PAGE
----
MARVEL’S AGENTS OF S.H.I.E.L.D. Recap Season 2 Episode 4 Face My Enemy


On MARVEL’S AGENTS OF S.H.I.E.L.D., in an episode titled “Face My Enemy,” Coulson (Clark Gregg) and May (Ming-Na Wen) go undercover to obtain an artifact that has the same strange markings Coulson has been carving. They are hampered by a familiar face with unknown motives. Meanwhile, Fitz (Iain De Caestecker) may be the only one who can save the rest of the team when The Bus is sabotaged. But with his mental problems, is he up to the task?

“Face My Enemy” isn’t a relatively big episode, by any means. There are some nice character moments, but little movement on the larger arcs, the script mostly focused on a mission-of-the-week. This is disappointing as AGENTS OF S.H.I.E.L.D., like most shows, works best when it favors the overall story, rather than a procedural format. Hopefully, as in some of the rough episodes early in season one, the seeds planted this week will blossom into something more enticing as the year unfolds.

In looking at the characters, Fitz has the best plot. He is still stammering, still hallucinating Simmons (Elizabeth Henstridge), and growing very frustrated that he is no longer valued. I think he’s wrong that the others don’t care him, as they will do whatever they can to help, but he’s right that his importance is minimized, with a new lab being built without consulting him. These decisions may make sense logically, but Fitz’s feelings should be considered, too.

Fitz is determined to prove himself to be valuable once more. It’s no easy task, but an excellent opportunity presents itself when several lives, including his, are put on the line. Operating under pressure and strict time limits is a constant part of the job, and that’s when it’s most vital that Fitz step up. Thankfully, he does, working with Hunter (Nick Blood) in a couple of moving scenes that show Fitz not only getting better, professionally speaking, but starting to form new bonds of friendship, which will serve him well in his re-integration to the team.

At the same time that everyone on MARVEL’S AGENTS OF S.H.I.E.L.D. is able to stop worrying about Fitz, they need to start worrying about Coulson. Coulson clearly wants to help himself, going out into the field personally to recover the artifact in “Face Me Enemy,” rather than just sending his people. Yet, he himself wants to discuss contingency plans, naming May heir apparent, a mantle she doesn’t want to shoulder, as she’d rather devote her resources to taking care of Coulson.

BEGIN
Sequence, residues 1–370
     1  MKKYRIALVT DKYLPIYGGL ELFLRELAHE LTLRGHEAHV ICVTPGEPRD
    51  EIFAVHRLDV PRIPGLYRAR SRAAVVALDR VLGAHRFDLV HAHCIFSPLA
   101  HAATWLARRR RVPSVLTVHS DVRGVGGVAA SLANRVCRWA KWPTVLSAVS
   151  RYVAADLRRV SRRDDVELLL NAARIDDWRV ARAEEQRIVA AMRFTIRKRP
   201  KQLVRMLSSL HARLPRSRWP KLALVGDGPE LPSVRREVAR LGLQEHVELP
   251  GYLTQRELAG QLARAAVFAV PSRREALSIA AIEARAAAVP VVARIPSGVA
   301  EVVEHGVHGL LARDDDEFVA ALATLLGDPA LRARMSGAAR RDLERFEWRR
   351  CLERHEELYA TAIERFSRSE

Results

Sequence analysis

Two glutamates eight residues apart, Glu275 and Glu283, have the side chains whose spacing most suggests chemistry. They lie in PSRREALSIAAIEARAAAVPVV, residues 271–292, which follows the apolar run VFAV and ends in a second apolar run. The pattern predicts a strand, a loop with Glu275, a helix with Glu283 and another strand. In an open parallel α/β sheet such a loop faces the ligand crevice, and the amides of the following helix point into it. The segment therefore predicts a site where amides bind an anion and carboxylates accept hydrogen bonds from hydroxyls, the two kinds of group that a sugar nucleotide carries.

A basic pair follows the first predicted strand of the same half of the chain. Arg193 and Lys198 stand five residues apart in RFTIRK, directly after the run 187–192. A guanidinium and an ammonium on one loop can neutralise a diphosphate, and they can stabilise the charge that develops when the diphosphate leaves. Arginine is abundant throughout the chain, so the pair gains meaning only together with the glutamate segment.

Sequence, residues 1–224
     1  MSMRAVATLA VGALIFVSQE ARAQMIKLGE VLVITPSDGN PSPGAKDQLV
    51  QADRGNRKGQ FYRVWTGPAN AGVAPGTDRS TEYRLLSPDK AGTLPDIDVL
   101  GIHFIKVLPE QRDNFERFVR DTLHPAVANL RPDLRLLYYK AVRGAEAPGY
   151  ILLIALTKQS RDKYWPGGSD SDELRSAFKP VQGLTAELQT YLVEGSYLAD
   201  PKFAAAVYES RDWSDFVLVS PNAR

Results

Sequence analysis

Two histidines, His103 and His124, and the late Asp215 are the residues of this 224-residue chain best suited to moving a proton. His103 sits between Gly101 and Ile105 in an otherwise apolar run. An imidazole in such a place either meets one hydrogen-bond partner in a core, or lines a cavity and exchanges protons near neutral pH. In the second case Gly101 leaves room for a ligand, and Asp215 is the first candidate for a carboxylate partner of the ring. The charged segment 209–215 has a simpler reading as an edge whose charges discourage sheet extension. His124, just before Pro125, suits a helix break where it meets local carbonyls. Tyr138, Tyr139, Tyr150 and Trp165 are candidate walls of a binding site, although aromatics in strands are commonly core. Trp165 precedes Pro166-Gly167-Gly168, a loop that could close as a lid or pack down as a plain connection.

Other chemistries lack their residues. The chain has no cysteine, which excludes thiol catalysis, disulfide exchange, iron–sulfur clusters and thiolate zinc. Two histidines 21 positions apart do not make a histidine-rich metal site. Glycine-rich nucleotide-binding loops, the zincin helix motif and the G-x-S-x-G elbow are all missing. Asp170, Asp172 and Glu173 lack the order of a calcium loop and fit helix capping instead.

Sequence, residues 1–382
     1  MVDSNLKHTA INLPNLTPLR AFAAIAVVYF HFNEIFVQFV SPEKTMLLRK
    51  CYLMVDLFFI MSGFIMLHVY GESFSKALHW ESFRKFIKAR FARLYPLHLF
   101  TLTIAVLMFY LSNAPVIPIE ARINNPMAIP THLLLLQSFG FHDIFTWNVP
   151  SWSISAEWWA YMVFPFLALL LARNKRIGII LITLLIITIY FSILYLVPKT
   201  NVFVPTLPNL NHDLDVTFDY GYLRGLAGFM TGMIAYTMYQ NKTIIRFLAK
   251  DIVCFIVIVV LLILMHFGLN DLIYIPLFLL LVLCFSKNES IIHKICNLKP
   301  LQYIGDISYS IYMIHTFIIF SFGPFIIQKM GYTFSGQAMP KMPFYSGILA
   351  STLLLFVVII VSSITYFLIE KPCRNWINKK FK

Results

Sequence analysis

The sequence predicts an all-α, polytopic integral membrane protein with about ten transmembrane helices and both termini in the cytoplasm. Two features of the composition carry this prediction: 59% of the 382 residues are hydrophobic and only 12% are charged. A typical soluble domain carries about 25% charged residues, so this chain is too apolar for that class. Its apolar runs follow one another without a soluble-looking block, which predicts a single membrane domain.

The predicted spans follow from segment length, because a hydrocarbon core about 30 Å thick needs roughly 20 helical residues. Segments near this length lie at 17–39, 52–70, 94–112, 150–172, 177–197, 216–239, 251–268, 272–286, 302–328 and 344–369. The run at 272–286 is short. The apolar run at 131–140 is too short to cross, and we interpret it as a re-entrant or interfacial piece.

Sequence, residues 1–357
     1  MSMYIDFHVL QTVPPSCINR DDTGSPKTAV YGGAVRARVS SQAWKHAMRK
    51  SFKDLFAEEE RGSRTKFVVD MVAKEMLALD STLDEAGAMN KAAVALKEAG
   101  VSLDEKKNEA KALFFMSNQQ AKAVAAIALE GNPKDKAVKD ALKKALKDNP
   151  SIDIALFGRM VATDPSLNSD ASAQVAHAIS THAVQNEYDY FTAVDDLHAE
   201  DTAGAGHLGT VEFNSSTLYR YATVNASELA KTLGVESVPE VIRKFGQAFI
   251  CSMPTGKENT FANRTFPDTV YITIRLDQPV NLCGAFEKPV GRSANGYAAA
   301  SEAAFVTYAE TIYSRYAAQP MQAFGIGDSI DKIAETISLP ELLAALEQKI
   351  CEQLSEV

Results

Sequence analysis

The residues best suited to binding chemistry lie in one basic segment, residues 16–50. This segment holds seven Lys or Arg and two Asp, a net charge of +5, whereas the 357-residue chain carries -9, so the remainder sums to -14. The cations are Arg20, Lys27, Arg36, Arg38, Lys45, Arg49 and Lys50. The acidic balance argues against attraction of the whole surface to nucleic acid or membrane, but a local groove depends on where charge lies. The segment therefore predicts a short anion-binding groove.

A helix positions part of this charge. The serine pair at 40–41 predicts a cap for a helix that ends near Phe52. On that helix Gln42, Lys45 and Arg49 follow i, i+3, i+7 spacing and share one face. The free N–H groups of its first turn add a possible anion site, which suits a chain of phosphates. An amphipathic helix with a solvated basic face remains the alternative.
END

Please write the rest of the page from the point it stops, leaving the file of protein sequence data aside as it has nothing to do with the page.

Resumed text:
How much should one really be worried about Coulson? He keeps saying he doesn’t want to end up like Garrett, but Garrett was part of Hydra long before he took the medication. His issues went far deeper than the connection he shares with Coulson. Coulson may lose his judgment and reasoning skills, but as long as May is able to help him step down from the Director job, he doesn’t need a bullet in the head, Coulson’s suggestion for dealing with the problem. Why is he thinking in such extremes?

I sincerely hope MARVEL’S AGENTS OF S.H.I.E.L.D. doesn’t remove Coulson from the game. It’s hard to imagine the show without him, the writers already bringing him back from death to star in it. The characters on this show are not static, but there are plenty of directions to take Coulson in without killing him. Whether he is healed or descends into madness, there’s no reason to get rid of him any time soon.

Besides, Coulson will be needed. Whitehall (Reed Diamond) is demanding Raina (Ruth Negga) give him back the mysterious obelisk, and it looks like she’ll have to if she wants to live. In Whitehall’s control, there is no telling what the strange device will do. We’ll need all hands on deck, including Coulson’s.

Is it just my imagination, or is something sparking a little bit between Skye (Chloe Bennet) and Triplett (B.J. Britt)? There’s nothing overt, but an underlying tension seems to be present, and I’ll take this pairing. They are both young, hot, and capable. Why not?

There are plenty of enticing things in “Face My Enemy,” from the “reveal” of Talbot (Adrian Pasdar) to be Hyrda, to the reveal that he’s not actually Hydra, to May fighting a woman disguised as May (both played by Wen), to some lovely dialogue between May and Coulson. For an episode that really doesn’t go far enough into the mythology, it’s still pretty entertaining.

MARVEL’S AGENTS OF S.H.I.E.L.D. airs Tuesdays at 9 p.m. ET on ABC.